Speaking of intimate scenes, Cinerama places particular demands on dramatic acting. Due to the camera's unique optical properties, a Cinerama close-up can't be very close – a waist-up view is the best the format can manage – and the device's fixed lenses mean the whole gizmo has to be moved every time a new vantage point is needed. On top of all this, the lenses point in slightly different directions, so unless the players are occupying the same segment of the screen, they have to gaze not at each other but past each other to look like they're interacting face to face. This is why Cinerama directors often group key characters in the center panel of the screen, leaving the side panels to scenery and extras. Another common trick is to set up the camera so that vertical objects (trees, pillars, etc.) are located on the left and right sides of the center panel; when the three film strips are projected from three different booths in the theater, these objects hide the vertical join-lines where the three pictures come together on the screen. It's little wonder that an old Hollywood hand like Ford quickly lost patience with the ungainly process. He'd been sitting right next to the camera for almost fifty years, but if he did it now he'd block part of a lens and end up in the shot! The somber Civil War episode of How the West Was Won marked his first and last Cinerama experience.

Warner Home Video's edition of How the West Was Won is packaged with first-rate DVD extras including the feature-length documentary Cinerama Adventure, about the history of the format, and a lively commentary track featuring film historian Rudy Behlmer and film-music expert John Burlingame along with Cinerama chief John Sittig, documentary director David Strohmaier, and stuntperson Loren James, who took a daunting number of falls, tumbles, and spills in the picture without meeting the fate of his colleague Bob Morgan, who was permanently maimed when a stunt went wrong during the train-robbery scene. (Morgan himself talks about this in Cinerama Adventure, but the commentary track is inexplicably silent about it.) In addition to the challenges it posed to filmmakers and performers, however, Cinerama presents interesting tests for DVD producers. The commentary track keeps claiming that high-tech video processing has erased the join-lines from the wide-screen image, but they're plain to see in many parts of the film. And there's no way a home-video system can reproduce the impact of the super-huge and ultra-curved Cinerama screen. The original aspect ratio (about 2.89:1, although accounts vary) comes out like a ribbon, and even the most sophisticated flat-screen TV is, well, flat.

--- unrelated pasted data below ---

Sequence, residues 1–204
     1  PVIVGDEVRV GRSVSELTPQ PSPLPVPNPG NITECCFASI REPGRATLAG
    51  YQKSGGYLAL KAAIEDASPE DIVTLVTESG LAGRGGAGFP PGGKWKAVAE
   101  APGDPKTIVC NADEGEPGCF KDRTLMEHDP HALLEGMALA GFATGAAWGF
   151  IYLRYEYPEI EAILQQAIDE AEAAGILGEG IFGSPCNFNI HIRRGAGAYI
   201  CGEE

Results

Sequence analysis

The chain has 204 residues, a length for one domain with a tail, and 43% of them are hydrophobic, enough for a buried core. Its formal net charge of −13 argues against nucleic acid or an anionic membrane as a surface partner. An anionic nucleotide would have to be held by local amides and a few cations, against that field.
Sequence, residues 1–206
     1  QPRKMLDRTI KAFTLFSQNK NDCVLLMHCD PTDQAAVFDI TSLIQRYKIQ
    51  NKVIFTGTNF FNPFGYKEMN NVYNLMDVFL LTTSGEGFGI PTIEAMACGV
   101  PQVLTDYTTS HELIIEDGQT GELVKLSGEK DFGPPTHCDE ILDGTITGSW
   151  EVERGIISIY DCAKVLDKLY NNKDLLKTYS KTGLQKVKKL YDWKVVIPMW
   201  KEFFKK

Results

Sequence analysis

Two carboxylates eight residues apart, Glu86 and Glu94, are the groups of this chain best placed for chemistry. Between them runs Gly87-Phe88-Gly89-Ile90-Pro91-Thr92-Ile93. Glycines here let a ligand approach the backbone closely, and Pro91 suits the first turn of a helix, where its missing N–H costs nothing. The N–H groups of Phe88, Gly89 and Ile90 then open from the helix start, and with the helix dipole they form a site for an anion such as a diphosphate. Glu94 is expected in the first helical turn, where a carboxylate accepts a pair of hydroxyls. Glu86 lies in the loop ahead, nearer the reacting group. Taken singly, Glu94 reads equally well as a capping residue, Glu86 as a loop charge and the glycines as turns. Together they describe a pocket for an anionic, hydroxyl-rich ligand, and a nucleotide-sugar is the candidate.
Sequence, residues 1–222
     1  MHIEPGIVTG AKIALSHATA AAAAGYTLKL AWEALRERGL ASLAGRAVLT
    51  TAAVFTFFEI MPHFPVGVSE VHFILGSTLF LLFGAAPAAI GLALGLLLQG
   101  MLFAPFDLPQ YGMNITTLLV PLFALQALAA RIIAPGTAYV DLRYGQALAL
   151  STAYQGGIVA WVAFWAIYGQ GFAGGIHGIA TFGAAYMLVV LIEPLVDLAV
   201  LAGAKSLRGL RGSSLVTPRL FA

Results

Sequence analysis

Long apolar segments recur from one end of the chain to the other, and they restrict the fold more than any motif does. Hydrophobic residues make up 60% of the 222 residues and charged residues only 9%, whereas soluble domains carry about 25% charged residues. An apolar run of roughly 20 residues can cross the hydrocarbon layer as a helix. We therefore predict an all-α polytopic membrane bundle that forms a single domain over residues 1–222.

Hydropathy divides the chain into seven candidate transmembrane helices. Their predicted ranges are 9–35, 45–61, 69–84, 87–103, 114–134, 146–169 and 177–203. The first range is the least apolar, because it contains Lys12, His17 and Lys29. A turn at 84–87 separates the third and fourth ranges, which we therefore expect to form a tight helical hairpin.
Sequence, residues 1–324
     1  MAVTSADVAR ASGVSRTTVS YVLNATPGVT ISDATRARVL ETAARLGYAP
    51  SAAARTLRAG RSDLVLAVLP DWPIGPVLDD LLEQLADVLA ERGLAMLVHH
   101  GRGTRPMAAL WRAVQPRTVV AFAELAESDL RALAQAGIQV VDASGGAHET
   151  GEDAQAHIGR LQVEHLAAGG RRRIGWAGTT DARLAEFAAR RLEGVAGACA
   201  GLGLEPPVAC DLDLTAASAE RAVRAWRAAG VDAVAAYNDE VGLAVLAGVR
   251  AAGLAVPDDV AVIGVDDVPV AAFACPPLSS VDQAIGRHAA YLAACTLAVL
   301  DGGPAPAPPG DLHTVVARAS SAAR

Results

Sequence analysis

This said, How the West Was Won is a very colorful ribbon, and while the adventure doesn't exactly jump from the screen, it offers a fair amount of traditional western excitement along with creaky ingredients that have old-Hollywood charms of their own. IMAX has won the war of the wide screens, but Cinerama still lingers on the sidelines, and even the DVD version provides a hint of what all the excitement was about.

For more information about How the West Was Won, visit Warner Video. To order How the West Was Won, go to TCM Shopping.

by David Sterritt